[EM] Score Voting and Approval Voting not practically substantially different from Plurality?

Juho Laatu juho.laatu at gmail.com
Mon Jun 24 23:53:26 PDT 2013

On 24.6.2013, at 16.06, Benjamin Grant wrote:

> So, as far as *I* can see, this converts Score Voting into Approval voting.  The only people who would bother to vote sincerely are:
> 1)      Those who truly prefer Gore highest and Bush lowest (or vice versa), because there’s no strategic downside.

You seem to assume that voters with opinion 'Gore:75, Nader: 90, Bush: 10’ are not strategic when they vote 'Gore:75, Nader: 100, Bush: 0’. There are thus two possible levels of sincereness, either people who think that all candidates are about equally good should vote that way, or if they should exaggerate and tell that the worst one of them is worth 0 points and the best one is worth 100 points.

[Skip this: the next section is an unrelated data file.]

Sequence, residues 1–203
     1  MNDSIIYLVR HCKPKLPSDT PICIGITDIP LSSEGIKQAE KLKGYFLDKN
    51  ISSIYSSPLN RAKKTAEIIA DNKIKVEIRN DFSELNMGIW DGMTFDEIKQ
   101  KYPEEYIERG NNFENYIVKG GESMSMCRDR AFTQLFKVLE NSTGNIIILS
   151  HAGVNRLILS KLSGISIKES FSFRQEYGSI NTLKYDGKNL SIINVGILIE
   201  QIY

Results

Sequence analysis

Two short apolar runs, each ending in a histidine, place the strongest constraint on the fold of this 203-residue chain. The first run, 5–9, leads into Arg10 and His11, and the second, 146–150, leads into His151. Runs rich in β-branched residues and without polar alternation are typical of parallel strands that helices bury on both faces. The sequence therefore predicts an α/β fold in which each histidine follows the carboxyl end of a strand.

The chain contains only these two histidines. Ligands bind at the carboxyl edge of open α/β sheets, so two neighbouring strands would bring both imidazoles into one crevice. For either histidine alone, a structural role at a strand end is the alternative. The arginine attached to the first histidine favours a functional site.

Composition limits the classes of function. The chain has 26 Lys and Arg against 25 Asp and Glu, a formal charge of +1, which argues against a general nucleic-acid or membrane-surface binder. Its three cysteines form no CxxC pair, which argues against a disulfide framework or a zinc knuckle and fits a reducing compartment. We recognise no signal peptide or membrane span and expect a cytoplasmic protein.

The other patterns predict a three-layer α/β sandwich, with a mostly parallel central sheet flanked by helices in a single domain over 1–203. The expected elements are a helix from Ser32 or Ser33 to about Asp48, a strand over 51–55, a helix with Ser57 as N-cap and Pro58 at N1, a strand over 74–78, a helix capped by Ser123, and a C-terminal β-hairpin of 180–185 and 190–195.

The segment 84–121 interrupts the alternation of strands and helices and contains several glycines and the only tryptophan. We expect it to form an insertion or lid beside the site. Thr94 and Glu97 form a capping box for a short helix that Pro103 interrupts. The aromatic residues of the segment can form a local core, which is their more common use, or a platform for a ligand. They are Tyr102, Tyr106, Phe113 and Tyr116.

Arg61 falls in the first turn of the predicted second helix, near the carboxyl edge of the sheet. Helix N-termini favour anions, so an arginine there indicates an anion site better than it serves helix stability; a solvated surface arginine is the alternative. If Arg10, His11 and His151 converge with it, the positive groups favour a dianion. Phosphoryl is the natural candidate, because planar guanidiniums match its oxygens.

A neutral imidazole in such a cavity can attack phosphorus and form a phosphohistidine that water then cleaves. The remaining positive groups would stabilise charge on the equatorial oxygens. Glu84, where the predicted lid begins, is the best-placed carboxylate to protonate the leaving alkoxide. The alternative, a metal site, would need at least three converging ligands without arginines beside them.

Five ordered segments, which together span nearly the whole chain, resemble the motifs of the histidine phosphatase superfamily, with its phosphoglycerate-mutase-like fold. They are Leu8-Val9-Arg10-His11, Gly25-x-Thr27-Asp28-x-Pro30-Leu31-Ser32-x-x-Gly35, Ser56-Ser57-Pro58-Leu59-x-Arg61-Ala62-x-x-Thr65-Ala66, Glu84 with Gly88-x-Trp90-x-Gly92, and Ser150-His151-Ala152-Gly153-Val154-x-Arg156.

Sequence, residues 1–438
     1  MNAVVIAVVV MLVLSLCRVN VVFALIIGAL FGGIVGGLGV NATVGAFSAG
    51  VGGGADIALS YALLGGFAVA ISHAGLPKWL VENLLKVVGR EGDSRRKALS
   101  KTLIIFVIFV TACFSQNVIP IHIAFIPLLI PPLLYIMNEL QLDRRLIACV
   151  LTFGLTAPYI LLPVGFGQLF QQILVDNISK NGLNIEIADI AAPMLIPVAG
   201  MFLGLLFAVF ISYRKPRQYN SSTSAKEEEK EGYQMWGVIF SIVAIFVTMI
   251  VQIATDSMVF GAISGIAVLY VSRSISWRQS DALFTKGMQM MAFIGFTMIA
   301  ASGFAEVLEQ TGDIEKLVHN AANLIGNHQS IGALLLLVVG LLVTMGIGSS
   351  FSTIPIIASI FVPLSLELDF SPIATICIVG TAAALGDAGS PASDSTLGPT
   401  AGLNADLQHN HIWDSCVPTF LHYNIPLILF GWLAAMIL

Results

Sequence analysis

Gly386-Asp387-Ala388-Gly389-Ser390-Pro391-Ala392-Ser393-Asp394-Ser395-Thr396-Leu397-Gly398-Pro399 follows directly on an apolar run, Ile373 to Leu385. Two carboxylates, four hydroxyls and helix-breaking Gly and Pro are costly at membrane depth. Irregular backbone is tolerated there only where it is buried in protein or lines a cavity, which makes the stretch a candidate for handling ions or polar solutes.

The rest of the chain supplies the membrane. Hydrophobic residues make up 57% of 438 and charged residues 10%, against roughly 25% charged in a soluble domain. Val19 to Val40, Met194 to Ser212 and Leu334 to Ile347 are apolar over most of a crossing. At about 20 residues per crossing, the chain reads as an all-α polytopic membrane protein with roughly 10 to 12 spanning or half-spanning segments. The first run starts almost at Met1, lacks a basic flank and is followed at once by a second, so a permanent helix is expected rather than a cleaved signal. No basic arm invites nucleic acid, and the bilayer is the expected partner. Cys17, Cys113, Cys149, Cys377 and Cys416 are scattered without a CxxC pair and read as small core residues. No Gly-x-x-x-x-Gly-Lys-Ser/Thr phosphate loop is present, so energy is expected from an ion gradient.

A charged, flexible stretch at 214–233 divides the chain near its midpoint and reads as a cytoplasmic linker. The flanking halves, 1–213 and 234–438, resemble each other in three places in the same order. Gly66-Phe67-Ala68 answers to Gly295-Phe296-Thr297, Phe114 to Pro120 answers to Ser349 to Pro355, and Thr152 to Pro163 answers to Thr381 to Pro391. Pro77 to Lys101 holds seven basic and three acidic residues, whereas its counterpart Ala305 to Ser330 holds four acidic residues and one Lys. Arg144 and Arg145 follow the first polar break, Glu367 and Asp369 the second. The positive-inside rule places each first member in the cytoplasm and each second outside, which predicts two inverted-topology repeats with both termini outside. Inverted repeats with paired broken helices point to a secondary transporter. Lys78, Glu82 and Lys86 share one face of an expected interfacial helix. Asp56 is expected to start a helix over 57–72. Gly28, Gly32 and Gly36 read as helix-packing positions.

> Am I substantially wrong about any of this?

I think you are generally very right about this.

> It’s days like these that I feel that there *is* no way to elect people that is fair and right. L

All methods have some problems. But the problems are not always so bad that they would invalidate the method. I'd propose to study also the Condorcet compliant methods. I note that they already popped up in the later discussions and you more or less already promised to study them.

When compared to Range style utility measuring style Condorcet methods take another approach by allowing majorities to decide. With sincere (Range) preferences 55: A=100 B=90, 45: B=100 A=0 majority based methods allow A to win. Althoug B has clearly higher sum of utiliy, it is also a fact that if one would elect B, B would be opposed by 55% majority. A would be supported by 55% majority. Not a pretty sight to watch, but that's how majority oriented systems are suposed to work. Maybe the majority philosophy is that you will get a ruler that can rule (and there is no mutiny), instead of getting a ruler whose proposals would be voted against every time by 55% majority in the parliament or in public elections.


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